How Hard Can I Train During Pregnancy?

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Fit & Healthy Pregnancy is a friendly, comprehensive guide to exercising before, during, and after pregnancy from athlete-moms, Dr. Kristina Pinto and Rachel Kramer, MD.

Although there is little empirical research on the upper limit of exercise intensity, athletes who are accustomed to high-intensity training before pregnancy and have an uncomplicated pregnancy can safely assume no adverse effects of maintaining that intensity once they’re expecting. Women have been physically active and making babies since the beginning of time. As long as you don’t get overzealous with a new program or try to prove any points about what you can pull off with your exertion when you’re expecting, your body knows how to manage exercise and grow a baby quite well and will let you know if you need to pull back.

If you are already engaging in vigorous activity, you can keep your workouts at that level during pregnancy, but be aware that you may need to make changes in your workout intensity based on your body’s cues and responses to exercise. A fit pregnancy really can’t accommodate dogged, disciplined severity with exercise. As long as you adjust your mind-set and don’t try to push through fatigue, which is a common trait in endurance athletes, it’s fine to maintain the status quo in your training intensity because your body is used to it.marathon, runners, athletes, endurance athletes, endurance athletes and pregnancy, running and pregnancy, fit and healthy pregnancy

Fit & Healthy Pregnancy can help you cultivate peace of mind when it comes to changes in your body’s tolerance for various types and levels of exercise. Just remember that you’re exercising for two, and your passenger will have a say in what you do.

That said, if you signed up for a race before pregnancy, you’re probably okay to complete it, depending on how far you got in mileage in training. A veteran marathoner might be able to complete a marathon in the first trimester if her pre-pregnancy fitness level and experience with the distance mean she won’t be taking her body to new and unfamiliar territory. She’ll probably have to lower her level of exertion in training and perhaps switch to a walk-run plan for both prep and the race, but pregnancy doesn’t necessarily mean she must sit it out. The safety and sensibility of running a marathon or completing a similar long endurance event will vary from woman to woman. Every woman is different and needs to talk about her situation and background with her doctor before they decide together if she can safely do her race. While running a marathon in your third trimester might get you a lot of attention, it doesn’t mean it’s the right achievement for you, and of course pregnancy is not the time to make statements about your endurance. Athletes who push their workout intensity to 90 percent of max heart rate may endanger fetal well-being, so it’s critical to stay cognizant of your exertion.runner, marathon, female athlete, running and pregnancy, fit and healthy pregnancy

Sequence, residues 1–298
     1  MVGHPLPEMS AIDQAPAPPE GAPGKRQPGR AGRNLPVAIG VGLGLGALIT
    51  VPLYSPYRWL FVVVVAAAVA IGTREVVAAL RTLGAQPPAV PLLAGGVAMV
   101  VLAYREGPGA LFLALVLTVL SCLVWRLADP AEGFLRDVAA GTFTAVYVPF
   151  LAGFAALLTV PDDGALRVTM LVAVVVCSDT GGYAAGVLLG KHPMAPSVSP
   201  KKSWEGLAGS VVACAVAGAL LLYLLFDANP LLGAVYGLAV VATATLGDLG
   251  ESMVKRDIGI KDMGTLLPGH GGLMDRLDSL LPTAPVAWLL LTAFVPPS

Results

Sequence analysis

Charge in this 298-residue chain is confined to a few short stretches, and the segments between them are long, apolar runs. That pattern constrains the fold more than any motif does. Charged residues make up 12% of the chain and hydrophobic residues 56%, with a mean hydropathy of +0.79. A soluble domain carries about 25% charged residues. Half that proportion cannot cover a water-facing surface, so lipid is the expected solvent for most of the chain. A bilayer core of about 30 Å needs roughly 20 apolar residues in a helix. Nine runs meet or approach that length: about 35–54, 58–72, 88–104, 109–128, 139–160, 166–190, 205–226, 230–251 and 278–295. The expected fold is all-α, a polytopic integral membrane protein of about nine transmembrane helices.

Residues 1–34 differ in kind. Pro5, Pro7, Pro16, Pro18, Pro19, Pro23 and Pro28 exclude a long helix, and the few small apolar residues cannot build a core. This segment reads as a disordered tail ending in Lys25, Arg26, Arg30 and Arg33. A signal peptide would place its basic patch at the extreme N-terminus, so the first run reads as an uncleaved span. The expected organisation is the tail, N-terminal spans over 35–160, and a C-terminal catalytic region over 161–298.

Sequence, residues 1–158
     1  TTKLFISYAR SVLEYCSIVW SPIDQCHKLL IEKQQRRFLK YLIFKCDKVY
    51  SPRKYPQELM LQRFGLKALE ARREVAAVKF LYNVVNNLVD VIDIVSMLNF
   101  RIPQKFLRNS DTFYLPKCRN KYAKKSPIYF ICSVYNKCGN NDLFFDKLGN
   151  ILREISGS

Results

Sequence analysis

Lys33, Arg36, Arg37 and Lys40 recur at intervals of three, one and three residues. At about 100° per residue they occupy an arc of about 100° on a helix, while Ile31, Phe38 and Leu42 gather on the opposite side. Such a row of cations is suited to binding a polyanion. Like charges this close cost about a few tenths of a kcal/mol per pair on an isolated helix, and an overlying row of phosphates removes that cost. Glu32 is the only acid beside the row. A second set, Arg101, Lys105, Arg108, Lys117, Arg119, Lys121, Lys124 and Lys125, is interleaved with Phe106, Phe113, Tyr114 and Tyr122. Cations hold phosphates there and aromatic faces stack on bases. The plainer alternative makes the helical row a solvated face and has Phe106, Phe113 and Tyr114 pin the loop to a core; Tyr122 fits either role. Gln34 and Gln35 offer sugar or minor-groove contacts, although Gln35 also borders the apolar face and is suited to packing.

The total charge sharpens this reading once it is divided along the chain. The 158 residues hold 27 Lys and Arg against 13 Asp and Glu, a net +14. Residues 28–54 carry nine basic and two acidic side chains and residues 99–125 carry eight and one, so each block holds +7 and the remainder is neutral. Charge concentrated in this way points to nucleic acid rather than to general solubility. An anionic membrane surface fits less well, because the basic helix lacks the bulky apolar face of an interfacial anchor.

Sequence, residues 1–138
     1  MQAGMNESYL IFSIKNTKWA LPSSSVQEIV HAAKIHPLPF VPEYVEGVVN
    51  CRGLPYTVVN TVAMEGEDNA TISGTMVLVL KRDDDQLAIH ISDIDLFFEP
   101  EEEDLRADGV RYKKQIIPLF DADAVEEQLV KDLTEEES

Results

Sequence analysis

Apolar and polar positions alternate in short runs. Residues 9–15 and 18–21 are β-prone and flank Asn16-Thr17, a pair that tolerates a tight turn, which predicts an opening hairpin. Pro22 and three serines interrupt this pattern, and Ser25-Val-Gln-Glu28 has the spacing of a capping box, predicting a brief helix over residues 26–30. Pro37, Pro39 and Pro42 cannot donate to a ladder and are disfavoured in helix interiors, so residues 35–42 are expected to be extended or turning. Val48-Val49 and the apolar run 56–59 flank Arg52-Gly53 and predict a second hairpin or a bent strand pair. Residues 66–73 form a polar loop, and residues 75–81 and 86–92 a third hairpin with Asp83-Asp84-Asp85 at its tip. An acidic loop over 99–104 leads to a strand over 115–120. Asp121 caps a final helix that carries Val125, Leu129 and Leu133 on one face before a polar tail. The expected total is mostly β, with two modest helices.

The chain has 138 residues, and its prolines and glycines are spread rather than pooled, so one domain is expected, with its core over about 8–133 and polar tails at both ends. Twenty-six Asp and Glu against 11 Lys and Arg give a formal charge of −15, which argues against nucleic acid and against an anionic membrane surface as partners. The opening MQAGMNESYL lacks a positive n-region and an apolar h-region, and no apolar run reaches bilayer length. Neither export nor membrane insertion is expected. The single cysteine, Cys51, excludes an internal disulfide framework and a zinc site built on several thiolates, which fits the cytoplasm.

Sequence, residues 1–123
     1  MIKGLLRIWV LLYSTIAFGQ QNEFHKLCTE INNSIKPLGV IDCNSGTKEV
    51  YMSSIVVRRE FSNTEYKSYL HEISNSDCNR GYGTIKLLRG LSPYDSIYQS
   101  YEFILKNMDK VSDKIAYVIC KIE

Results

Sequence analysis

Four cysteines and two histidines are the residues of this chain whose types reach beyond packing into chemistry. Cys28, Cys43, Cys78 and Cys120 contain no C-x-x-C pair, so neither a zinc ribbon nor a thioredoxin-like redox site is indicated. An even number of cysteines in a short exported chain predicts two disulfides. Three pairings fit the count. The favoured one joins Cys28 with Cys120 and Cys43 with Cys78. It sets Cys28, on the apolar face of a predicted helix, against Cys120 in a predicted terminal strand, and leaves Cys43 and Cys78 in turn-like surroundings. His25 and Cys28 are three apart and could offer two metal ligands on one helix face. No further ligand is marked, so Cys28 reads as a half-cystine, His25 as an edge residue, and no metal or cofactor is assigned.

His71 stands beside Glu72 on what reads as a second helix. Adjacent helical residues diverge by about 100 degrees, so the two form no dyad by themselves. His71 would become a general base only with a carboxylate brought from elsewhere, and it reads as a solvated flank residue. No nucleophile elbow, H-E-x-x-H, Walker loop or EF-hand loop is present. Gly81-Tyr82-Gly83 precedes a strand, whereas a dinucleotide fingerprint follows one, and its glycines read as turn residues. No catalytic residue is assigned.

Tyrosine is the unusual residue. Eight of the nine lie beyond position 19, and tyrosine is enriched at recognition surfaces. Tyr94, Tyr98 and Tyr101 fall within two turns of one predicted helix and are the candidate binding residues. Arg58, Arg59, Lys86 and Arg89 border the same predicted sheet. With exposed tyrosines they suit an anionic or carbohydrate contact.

If you’ve been a vigorous athlete, use Borg’s scale to direct your exertion to a safe zone rather than striving for a percentage of max heart rate. There is simply too much variability in the max heart rate across a pregnancy and too much individual variation between women to say that a specific percentage of target heart rate should direct your exertion. ACOG states that because of the variability in a woman’s heart rate during exercise throughout pregnancy, target heart rates are an unreliable measure of intensity. Borg’s scale is a more useful assessment of your cardiovascular output, and how you feel is a better measure of your physiological response to exercise.

Keeping your pre-pregnancy level of exercise intensity is a great goal, but if your body tells you it’s exhausted or your joints start to bother you as your weight increases, you need to make a change in activity (and perhaps in nutrition). Have your doctor monitor your risk for anemia, since increases in your blood volume mean you need to generate a higher red-bloodcell count to prevent anemia. The risk of anemia is greater for competitive (versus recreational) athletes who want to continue with high-intensity training, so stay on top of your iron intake and ask your health care provider to closely monitor your risk for anemia. If you exercise throughout pregnancy, you will sustain an elevated blood volume, and your red-cell volume and total red blood cells will increase to match that volume.

Fit & Healthy Pregnancy dispels generations of old wives’ tales about exercise and pregnancy. Exercise during pregnancy isn’t just safe, it’s healthy for you and your baby. This modern, comprehensive guide shows active women how to stay strong and in shape before, during, and after pregnancy.